Broad beans are synonymous with spring, with their presence so fleeting. Here in Australia, that is from September through October. It is one of our few true seasonal vegetables.
Catch them when harvested young and sweet, as towards the end of their season they can become very mealy. They have a flat, fur-lined pod enclosing seeds that are used in soups, purees, stews, salads, stir-fries and combined with rice and pasta.
Alternative Names for Broadbeans
Broad beans have been grown since ancient times, indigenous to Europe and a key source of sustenance in the Levant, Middle East and Mediterranean.
Allergies to Broad Beans
Unfortunately some people have a condition called favism,an allergy to raw broad beans that leads to anaemia and can render them toxic. Cooked broad beans do not have this reaction.
Buying and Storing Broad Beans
Choose crisp, moist and smaller (younger) beans whose pods are not bulging and do not have any spots and are not limp. They can be stored in the fridge for 2 or 3 days.
Cooking and Eating – Double Peel the Beans
Broad beans are one of those vegetables that are always being overcooked. It is best to first shell the beans, removing them from the pod, then to peel each bean as it has a thick outer skin. To do this, first, blanch the podded beans in boiling water for between 30 – 60 seconds only. Drain, and peel the outer skin away to reveal the tender green bean. It is fiddly but meditative and rewarding work.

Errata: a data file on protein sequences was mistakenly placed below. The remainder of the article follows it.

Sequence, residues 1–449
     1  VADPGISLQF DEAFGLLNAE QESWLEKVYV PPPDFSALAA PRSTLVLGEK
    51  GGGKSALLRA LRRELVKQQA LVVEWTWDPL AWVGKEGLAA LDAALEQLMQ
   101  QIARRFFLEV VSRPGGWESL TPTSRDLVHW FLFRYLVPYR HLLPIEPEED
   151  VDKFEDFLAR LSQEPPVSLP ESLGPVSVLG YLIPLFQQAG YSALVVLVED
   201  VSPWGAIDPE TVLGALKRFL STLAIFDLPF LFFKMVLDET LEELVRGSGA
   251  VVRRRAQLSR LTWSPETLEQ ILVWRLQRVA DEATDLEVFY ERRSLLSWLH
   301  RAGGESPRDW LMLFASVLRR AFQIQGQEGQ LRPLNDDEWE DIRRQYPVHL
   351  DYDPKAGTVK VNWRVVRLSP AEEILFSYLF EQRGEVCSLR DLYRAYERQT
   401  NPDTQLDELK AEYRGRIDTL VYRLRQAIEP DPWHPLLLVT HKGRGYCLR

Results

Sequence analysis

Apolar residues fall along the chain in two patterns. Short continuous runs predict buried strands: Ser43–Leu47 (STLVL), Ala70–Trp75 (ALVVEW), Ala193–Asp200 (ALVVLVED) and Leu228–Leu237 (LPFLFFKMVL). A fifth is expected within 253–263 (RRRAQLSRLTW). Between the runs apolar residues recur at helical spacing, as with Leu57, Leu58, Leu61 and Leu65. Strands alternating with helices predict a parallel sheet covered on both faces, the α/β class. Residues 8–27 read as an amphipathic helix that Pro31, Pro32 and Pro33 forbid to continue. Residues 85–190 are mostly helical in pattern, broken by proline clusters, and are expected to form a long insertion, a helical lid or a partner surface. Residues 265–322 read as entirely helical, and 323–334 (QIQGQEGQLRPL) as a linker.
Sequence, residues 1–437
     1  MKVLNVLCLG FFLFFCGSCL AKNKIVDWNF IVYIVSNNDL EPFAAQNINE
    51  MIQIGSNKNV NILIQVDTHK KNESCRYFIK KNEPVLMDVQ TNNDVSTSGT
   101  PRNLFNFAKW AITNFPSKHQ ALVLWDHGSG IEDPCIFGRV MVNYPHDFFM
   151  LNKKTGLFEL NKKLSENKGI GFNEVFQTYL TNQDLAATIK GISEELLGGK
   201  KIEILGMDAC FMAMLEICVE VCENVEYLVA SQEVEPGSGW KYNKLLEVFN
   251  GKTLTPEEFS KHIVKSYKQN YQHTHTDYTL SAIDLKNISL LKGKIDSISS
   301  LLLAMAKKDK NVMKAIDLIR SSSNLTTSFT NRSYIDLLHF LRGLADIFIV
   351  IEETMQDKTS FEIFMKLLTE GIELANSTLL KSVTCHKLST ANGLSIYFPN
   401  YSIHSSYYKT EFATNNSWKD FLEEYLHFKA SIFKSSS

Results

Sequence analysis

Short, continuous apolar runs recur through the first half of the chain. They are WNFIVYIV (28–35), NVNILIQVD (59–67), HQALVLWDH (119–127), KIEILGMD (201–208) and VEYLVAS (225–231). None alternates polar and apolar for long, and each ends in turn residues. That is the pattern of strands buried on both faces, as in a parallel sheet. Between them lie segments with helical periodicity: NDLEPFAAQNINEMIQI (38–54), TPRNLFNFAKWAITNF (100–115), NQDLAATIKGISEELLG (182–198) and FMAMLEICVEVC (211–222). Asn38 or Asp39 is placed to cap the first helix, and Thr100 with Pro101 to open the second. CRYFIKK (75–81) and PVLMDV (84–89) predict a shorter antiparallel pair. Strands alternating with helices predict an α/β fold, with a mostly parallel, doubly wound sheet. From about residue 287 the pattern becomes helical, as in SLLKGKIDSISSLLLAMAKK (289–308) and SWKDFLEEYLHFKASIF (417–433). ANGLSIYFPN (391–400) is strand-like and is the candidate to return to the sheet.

Not only does the skin have a sharp taste, peeling the beans stops the habit of boiling them until that outer skin is tender. The result of overcooking is unappetising and destroys the the beautiful, essential springtime flavour of the broad bean.
As a rule, 1kg of whole broad beans yields about 350gm shelled beans.
Remove the beans from the pod and cook in boiling water for 3 minutes. Peel the pale skins to reveal the green bean. You can add the pods of the broad beans to the water while cooking them to intensify the broad bean flavour.
Suggestions for Eating
- Try Broad and Butter Bean Mash
Eat simply drizzled with extra virgin olive oil, or in spring-inspired salads.
Sprinkle with sea salt and eat as a snack with a beer.
For a pilaf, cook moghrabieh (large grain couscous) with saffron and vege stock. Then toss through blanched and peeled broad beans until heated through. Drain the moghrabieh and beans, stir through green coriander (cilantro), lemon juice and extra virgin olive oil.
Toss blanched, peeled broad beans with orrechiette, chilli, flat leafed parsley and extra virgin olive oil with shaved pecorino.
Braise, french style, in dry white wine with cos lettuce hearts, peas and spring onions.
Chop mint leaves and small spring onions finely, mash with some cooked and peeled broad beans. Add sea salt and black pepper, and the lemon juice. Spread toast with ricotta cheese and top with the broad bean mash.
This entry is cross-posted with our sister site, Heat in The Kitchen, as part of its theme of Tips and Hints.